principles which will put teeth into
the orders truce teams wil give op-
posing commanders."
The nature of the three principles
was not disclosed.
A high official of the National Mil-
itary Council said that Communists
wre operating in force from the
heart of Inner Mongolia to points
near the lower reaches of the Yang-
tze River and were seeking to estab-
lish a corridor from the Lower
Yangtze to Jehol.
Communist quarters in Chungking
countered the government charges
with assertions that government
forces were conducting mopping-up
operations around the Honan pro-
vince highway center of Kwangshan
and were "attacking vigorously" the
railroad town of Yuncheng in south-

western Honan, to which a truce
team has been assigned.
Trucks To Collect
Clothin g Tuesday
City trucks will pick up bundles of
clothing Tuesday morning for the
Victory Clothing Collection for over-
seas relief.

Michigan's on-again off-again
basketball team was on last night at
Yost Field House, defeating North-
western 56-37 and gaining revenge
over the Wildcats, who had beaten it
by the same 19-point margin last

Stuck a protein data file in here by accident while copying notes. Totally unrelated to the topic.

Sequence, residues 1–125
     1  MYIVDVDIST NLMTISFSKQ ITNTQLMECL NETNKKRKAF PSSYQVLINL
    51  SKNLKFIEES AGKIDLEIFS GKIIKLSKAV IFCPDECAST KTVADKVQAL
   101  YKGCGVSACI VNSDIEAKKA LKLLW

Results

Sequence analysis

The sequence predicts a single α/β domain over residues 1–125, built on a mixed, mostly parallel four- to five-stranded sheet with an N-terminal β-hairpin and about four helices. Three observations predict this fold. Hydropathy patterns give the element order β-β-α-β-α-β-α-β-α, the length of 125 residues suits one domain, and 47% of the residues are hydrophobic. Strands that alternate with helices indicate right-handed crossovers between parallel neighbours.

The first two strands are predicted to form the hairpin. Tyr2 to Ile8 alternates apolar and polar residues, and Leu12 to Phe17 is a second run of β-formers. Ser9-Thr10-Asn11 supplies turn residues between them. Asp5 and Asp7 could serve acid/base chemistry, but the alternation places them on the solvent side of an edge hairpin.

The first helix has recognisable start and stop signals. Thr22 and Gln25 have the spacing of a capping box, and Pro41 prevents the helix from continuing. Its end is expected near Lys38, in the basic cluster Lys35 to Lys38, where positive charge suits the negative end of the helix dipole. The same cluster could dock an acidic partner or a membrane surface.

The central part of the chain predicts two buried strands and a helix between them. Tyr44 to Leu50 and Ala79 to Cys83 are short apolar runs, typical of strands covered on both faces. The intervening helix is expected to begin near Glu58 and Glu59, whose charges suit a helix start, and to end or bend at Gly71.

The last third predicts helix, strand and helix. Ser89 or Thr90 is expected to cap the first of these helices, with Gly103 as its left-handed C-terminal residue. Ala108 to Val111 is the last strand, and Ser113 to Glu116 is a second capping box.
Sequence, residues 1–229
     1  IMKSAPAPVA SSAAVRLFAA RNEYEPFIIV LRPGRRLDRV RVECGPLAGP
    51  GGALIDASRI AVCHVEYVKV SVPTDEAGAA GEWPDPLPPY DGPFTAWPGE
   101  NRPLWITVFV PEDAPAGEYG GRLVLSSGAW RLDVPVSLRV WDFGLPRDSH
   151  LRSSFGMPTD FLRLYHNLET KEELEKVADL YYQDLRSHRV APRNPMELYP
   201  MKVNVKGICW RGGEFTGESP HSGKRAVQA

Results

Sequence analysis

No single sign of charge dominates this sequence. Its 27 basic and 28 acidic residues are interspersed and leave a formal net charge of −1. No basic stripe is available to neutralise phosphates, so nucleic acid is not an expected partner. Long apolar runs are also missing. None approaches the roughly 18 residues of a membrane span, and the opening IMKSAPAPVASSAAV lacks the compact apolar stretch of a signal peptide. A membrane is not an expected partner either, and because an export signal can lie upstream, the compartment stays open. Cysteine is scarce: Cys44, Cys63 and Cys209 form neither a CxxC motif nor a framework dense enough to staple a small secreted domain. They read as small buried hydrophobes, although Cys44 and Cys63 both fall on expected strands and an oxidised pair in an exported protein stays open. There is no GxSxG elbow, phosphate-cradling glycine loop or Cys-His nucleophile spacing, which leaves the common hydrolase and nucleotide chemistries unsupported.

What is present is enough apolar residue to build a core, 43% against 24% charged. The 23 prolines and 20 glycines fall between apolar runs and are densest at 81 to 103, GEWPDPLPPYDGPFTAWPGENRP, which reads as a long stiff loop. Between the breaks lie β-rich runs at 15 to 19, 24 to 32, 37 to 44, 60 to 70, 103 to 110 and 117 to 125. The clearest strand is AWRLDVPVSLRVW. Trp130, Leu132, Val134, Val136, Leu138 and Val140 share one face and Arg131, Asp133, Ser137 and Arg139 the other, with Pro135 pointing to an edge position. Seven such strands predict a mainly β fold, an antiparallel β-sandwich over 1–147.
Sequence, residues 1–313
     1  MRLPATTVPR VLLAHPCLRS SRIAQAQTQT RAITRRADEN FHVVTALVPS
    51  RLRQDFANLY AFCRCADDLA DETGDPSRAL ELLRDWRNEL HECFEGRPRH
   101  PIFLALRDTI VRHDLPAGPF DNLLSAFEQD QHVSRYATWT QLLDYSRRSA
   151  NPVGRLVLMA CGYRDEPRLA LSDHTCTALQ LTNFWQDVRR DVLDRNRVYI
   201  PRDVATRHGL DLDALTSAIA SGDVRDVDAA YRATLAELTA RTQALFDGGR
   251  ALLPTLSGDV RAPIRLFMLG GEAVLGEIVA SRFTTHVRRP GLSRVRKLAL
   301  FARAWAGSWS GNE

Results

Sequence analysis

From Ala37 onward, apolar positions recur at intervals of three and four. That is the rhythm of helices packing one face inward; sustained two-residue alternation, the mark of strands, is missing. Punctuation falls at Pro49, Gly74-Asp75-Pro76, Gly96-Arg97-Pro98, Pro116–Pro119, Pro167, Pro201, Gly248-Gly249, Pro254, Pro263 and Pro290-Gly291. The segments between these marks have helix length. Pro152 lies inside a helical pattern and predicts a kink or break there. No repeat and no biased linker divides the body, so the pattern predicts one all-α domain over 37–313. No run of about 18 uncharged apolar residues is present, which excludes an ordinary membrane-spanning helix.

Saturday in Evanston.
The alert Wolverine defense kept
the vaunted Northwestern offense in
check throughout the game. Sparkling
play by Guards Pete Elliott and Dave
Strack limited Wildcat Max Morris,
who last week scored 20 points, to
one field goal and three foul shots.
Selbo Outstanding
Glenn Selbo played a brilliant game
under the Wildcat backboard and
held Leroy King, giant center, to four
field goals. Both teams constantly
broke up the opponents' passing game
by intercepting passes.
After 10 minutes of play, the Wol-
verines took the lead for the fifth time
on a field goal by Elliott, and were
never headed from then on. The half
time score was 28-19.
Regulars Removed at End
In the fina minutes, Coach Bennie
Oosterbaan removed all of his regu-
lars from the game. They received
a tremendous ovation from the three-
quarters filled Field House.
Dave Strack was the big gun on
Michigan's offense with 14 points on
six shots from the field andtwo from
the foul line. Elliot was close behind
with 13 points on the same number
of field goals and one foul shot. Selbo
was third with 10 point. Leroy King
and Buzz Wheeler were high scorers
for the losers with nine points apiece.
Michigan Lead Short
Michigan drew first tblood on a free
throw by Selbo, but the lead was
short-lived as Chuck Lindgren count-
ered with a field goal. Morris made a
See CAGERS, page 6
Officers Plan Gala
Party for Seniors
A gala party is being arranged for
February graduates from all schools
by the class officers.
Tentative plans call for an in-
formal (plaid shirts and jeans) par-
ty in the biggest room on the cam-
pus on the night of Friday, Feb. 1.